Skip to main content

Akasaki, Isamu

Isamu Akasaki, 1929–, Japanese physicist, Ph.D. Nagoya Univ., Japan, 1964. He is a professor at Meijo Univ. and a distinguished professor at Nagoya Univ. in Japan. Akasaki shared the 2014 Nobel Prize in Physics with Hiroshi Amano and Shuji Nakamura for the invention of efficient blue light-emitting diodes (LEDs), which has enabled the development of bright, energy-saving white light sources. The three scientists, Akasaki and Amano working together at Nagoya Univ. and Nakamura working independently, found a way to produce blue light from semiconductors in the early 1990s. This allowed white light LED sources to be developed through the combination of blue LEDs with pre-existing red and green LEDs. The invention has allowed the incandescent bulbs that lit the world of the 20th cent. to be replaced by energy-saving and more environmentally friendly LED light sources.

Cite this article
Pick a style below, and copy the text for your bibliography.

  • MLA
  • Chicago
  • APA

"Akasaki, Isamu." The Columbia Encyclopedia, 6th ed.. . 17 Jan. 2019 <>.

"Akasaki, Isamu." The Columbia Encyclopedia, 6th ed.. . (January 17, 2019).

"Akasaki, Isamu." The Columbia Encyclopedia, 6th ed.. . Retrieved January 17, 2019 from

Learn more about citation styles

Citation styles gives you the ability to cite reference entries and articles according to common styles from the Modern Language Association (MLA), The Chicago Manual of Style, and the American Psychological Association (APA).

Within the “Cite this article” tool, pick a style to see how all available information looks when formatted according to that style. Then, copy and paste the text into your bibliography or works cited list.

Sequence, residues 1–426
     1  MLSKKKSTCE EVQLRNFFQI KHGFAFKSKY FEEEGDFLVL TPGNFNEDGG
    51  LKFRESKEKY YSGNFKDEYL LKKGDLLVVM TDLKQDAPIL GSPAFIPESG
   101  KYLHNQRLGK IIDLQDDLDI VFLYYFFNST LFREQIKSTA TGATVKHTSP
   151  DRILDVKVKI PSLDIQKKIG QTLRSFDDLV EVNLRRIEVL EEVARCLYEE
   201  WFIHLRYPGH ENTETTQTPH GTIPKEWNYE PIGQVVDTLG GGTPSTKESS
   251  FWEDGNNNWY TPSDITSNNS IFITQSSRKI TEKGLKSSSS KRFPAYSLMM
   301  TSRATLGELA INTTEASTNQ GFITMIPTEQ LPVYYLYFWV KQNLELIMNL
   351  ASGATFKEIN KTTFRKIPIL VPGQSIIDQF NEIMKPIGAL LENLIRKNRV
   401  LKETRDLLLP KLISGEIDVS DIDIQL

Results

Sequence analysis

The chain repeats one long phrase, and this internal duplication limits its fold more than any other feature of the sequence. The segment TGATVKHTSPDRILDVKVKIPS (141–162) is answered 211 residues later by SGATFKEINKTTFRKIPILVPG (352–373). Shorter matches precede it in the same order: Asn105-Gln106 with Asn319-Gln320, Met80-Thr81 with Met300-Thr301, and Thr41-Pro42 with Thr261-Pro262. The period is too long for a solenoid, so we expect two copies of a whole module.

Because each style has its own formatting nuances that evolve over time and not all information is available for every reference entry or article, cannot guarantee each citation it generates. Therefore, it’s best to use citations as a starting point before checking the style against your school or publication’s requirements and the most-recent information available at these sites:

Modern Language Association

The Chicago Manual of Style

American Psychological Association

  • Most online reference entries and articles do not have page numbers. Therefore, that information is unavailable for most content. However, the date of retrieval is often important. Refer to each style’s convention regarding the best way to format page numbers and retrieval dates.
  • In addition to the MLA, Chicago, and APA styles, your school, university, publication, or institution may have its own requirements for citations. Therefore, be sure to refer to those guidelines when editing your bibliography or works cited list.